NASHVILLE - A Murfreesboro, Tenn., man leading an effort to build a mosque says finding contractors has been a slow process because of controversy surrounding the project.
In August, excavation equipment at the site of the proposed Islamic Center of Murfreesboro was set on fire. Investigators determined it was arson.
Seventeen plaintiffs are also suing the county, claiming officials violated the state open meetings law when they approved the site plan for the mosque.
Essam Fathy told The Tennessean that he's been told that some contractors are hesitant to build because of the controversy. But he's hoping the lure of construction jobs in a slow economy will help the bidding process.
He said that fencing, security cameras and other measures will be in place once construction starts.
"If something happens this time, we will be able to see who did it," said Fathy, a physical therapist. "We are hoping what happened was an isolated incident."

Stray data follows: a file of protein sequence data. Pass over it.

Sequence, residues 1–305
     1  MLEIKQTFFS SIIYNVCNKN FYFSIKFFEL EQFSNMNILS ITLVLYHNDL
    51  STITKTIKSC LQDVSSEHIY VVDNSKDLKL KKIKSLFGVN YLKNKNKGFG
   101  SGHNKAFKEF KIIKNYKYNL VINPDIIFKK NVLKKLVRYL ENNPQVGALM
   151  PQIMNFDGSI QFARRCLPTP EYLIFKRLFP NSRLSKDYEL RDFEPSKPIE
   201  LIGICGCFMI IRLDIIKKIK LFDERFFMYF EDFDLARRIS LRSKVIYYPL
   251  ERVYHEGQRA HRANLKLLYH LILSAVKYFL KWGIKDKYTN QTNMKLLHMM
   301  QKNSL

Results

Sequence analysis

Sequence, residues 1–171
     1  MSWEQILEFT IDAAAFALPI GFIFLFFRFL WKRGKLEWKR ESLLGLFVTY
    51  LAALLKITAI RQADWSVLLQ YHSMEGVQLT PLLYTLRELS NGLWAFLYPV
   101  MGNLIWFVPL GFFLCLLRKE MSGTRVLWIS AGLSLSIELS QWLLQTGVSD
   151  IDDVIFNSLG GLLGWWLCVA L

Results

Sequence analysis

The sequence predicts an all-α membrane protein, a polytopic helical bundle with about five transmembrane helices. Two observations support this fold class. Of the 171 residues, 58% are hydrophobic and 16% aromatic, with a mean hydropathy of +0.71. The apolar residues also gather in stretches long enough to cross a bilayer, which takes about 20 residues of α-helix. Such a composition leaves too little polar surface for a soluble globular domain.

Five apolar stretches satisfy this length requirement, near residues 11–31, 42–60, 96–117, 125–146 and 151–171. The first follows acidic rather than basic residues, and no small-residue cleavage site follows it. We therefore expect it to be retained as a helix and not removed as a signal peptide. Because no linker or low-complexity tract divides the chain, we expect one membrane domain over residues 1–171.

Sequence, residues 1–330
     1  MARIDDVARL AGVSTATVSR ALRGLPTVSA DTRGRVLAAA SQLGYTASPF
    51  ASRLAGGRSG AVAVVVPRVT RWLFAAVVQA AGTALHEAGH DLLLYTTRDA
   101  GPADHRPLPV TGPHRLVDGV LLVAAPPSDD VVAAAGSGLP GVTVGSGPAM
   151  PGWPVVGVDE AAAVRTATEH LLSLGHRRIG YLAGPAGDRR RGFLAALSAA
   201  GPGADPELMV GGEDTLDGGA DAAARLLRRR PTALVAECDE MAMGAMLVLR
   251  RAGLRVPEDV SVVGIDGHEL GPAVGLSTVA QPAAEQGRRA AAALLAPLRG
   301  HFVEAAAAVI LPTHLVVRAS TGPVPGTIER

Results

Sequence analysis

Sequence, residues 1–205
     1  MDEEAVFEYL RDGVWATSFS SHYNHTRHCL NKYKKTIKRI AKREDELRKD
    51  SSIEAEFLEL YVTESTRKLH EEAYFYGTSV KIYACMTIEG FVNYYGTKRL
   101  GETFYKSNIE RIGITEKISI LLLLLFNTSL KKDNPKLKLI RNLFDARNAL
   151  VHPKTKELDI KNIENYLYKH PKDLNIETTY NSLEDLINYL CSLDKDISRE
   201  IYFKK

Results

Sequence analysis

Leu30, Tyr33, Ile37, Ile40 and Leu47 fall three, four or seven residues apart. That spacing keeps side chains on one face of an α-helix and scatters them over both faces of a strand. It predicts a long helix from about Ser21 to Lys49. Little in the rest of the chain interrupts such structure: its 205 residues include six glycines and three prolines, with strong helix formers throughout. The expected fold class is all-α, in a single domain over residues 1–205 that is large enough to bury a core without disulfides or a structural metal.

Meanwhile, the attorney for mosque opponents warned Thursday that starting construction is a bad idea.
Joe Brandon said he has asked the judge who dismissed most of the complaints raised by the plaintiffs to reconsider his ruling. Brandon said that any construction work on the mosque would have to be torn down if his clients prevail.
"They do this at their own peril," he said.
Republican presidential candidate Herman Cain sided with mosque opponents while campaigning in Murfreesboro last week. During a recent interview on "Fox News Sunday," Cain raised concerns that Muslims might try to infuse Shariah principles into the community.
Shariah is a set of core principles that most Muslims recognize and a series of rulings from religious scholars. It covers many areas of life and different sects have different versions and interpretations of the code.